John Updike, whose beaked, deaconishly smiling face unglamourously adorns the cover of More Matter, his latest collection of occasional prose, is, like his beloved Nabokov, a deeply cheerful writer who, as a novelist, vividly conjures human misery. But as an essayist and memoirist, his real muse is happiness in its many varieties: gratitude, wonderment, grace, sexual pleasure, the lamplit warmth of literary bliss, the banked glow of domestic comfort, to name a few.
In the book's best essay, "Letter to a Baby Boomer," a gentle bulletin on turning 50, addressed to the generation that followed his own (and one that he calls, in a rare moment of rhetorical anger, "the most self-involved and self-righteous generation alive"), Updike writes:
"A quaint tidiness creeps over the latter decades, along with a long-dormant interest in the songs of birds and the names of plants. The annual return of barn swallows in our carport, for instance, and their subsequent rearing of three or four swallowettes have become principal topics of excited conversation between my wife and myself -- little natural miracles relieving the level quiet of our days. As the old biological missions ... slacken in urgency, the world itself in its multifarious and ceaselessly shifting non-human detail, sifts into awareness, imparting an innocent sense of witness like that of childhood."
Gratitude is a constant emotion in this collection. There are few writers who have been as precociously published, bemedalled and doted upon as Updike. And the punctilious novelist and essayist has not chosen to bite the hand that feeds him. Paying tribute to his mentor and protectors inspires Updike to heights of fond discernment. About William Shawn, his editor at The New Yorker for 30 years, he writes:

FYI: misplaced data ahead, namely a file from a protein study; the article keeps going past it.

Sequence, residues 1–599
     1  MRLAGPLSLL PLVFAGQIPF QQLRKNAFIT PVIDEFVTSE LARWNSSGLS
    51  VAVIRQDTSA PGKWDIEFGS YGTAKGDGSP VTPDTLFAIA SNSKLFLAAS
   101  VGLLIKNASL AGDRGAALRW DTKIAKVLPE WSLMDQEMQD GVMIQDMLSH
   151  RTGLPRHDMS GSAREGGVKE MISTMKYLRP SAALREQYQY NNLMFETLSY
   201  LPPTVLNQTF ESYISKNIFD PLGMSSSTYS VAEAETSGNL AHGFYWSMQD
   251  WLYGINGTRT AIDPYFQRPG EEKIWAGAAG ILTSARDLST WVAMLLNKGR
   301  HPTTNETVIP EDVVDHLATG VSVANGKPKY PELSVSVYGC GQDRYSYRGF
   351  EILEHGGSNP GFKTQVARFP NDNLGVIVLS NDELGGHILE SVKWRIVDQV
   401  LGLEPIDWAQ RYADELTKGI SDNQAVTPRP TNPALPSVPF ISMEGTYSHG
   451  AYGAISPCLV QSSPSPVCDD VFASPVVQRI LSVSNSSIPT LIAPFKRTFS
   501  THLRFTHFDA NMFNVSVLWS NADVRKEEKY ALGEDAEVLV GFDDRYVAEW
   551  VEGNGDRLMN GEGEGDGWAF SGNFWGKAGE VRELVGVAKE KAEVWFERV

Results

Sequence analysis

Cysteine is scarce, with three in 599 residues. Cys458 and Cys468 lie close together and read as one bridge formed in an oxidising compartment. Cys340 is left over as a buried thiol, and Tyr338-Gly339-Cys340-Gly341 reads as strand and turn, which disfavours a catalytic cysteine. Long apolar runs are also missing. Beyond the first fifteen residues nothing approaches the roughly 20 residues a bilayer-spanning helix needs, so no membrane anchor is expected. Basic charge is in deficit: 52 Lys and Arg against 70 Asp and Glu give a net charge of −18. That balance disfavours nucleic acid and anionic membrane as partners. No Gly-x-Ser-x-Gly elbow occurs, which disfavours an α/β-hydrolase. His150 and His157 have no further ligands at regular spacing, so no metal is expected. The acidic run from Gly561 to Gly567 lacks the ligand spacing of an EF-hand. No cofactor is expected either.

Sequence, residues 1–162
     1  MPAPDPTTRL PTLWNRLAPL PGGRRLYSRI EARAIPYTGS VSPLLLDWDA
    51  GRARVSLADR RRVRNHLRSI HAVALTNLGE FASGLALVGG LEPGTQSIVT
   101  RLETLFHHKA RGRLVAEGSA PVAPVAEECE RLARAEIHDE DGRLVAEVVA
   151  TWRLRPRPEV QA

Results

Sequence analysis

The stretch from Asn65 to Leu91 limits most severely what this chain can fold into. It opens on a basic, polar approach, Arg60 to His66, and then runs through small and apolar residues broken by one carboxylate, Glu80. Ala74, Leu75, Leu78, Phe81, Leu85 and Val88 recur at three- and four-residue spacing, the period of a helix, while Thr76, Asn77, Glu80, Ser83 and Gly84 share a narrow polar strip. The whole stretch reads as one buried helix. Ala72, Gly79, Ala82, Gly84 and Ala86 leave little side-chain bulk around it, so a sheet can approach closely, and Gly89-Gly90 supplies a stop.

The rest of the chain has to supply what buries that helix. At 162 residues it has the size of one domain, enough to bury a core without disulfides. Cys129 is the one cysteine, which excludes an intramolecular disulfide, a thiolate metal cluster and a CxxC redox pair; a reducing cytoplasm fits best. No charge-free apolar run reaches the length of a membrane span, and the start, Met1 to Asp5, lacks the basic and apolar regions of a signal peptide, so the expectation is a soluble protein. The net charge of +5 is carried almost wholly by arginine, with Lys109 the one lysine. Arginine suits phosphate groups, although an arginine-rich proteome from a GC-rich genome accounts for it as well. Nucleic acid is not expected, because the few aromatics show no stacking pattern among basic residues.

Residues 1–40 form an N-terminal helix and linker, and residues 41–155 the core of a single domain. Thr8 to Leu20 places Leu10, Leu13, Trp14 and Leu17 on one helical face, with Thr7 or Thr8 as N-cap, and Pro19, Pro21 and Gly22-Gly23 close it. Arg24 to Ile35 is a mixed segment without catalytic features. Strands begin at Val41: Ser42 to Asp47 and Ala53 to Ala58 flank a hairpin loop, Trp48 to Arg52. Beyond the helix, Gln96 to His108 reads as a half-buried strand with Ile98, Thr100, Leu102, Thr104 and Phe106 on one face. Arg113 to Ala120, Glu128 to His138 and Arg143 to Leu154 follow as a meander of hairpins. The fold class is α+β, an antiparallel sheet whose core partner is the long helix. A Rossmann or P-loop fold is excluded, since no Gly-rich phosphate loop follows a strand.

"Mr. Shawn -- as I always called him -- declined to compromise the dignity of his power with such unnecessary elaboration. Not that he was curt; on the contrary, infinitely patient expectancy, grandly non-directive, was the mood he conveyed ... it was part of his editorial genius to establish, in the manner of the classic Freudian psychoanalyst, an air of perfect listening in which you were encouraged to reveal and reconstruct yourself."
Of William Maxwell, fiction editor at the magazine:
"... it is rare to encounter such extreme sensitivity in so cogent, unassuming, and matter-of-fact a frame."
Updike has always been quite the polymath, and in More Matter, he expounds, at enviable length, about a range of extra-literary subjects from cosmology to the Titanic to the U.S. Constitution, to the problem of evil to Andy Warhol, entertainingly and with sympathetic curiosity, if not always with great penetration.
Camille Paglia, who writes with an invective not seen since the internecine quarrels of '30s leftists, elicits a surprisingly evenhanded assessment. Updike praises the "considerable worth of her learning, ingenuity, and fearlessness" but deplores her love for the "hard glitter" of celebrity culture.
Popular culture is a topic that fills Updike with uneasy fascination. Having grown up in the '40s and '50s, on a rich and varied diet of high-modernist classics, Algonquin humor and liberation theology (in what was straight-facedly called the Age of Criticism), Updike has seen movies, pop songs and advertisements change from subjects for bemused attention to pretty much the only game in town.
Although still widely read, Updike has slightly ceded his place on the stage to more contemporary, harder-edged talents and has seen some of his great themes -- the messy collision of religion and sexuality; the mystique of women's bodies -- fade into cultural irrelevance. But if a note of pleading creeps into this book, it is not a famous writer's fear of obscurity, but a happy man's sorrow that fewer and fewer people seem to share his special ardor.
In the collection's final piece, a speech before the National Book Foundation, Updike affirms:
"The book industry scarcely needs glamour when it has at its command something better, beauty -- the beauty of the book. Though visual imagery is in a sense more absolute -- more vivid, less arguable -- than the printed word, electronic projectors are clumsy and prone to obsolescence compared to the physical object that bounds paper forms. ... We assembled here should rejoice in our venerable product; a book is beautiful in its relation to the human hand, to the human eye, to the human brain, and to the human spirit."
John Broening is a freelance writer in Colorado Springs. He is also the chef at Primitivo.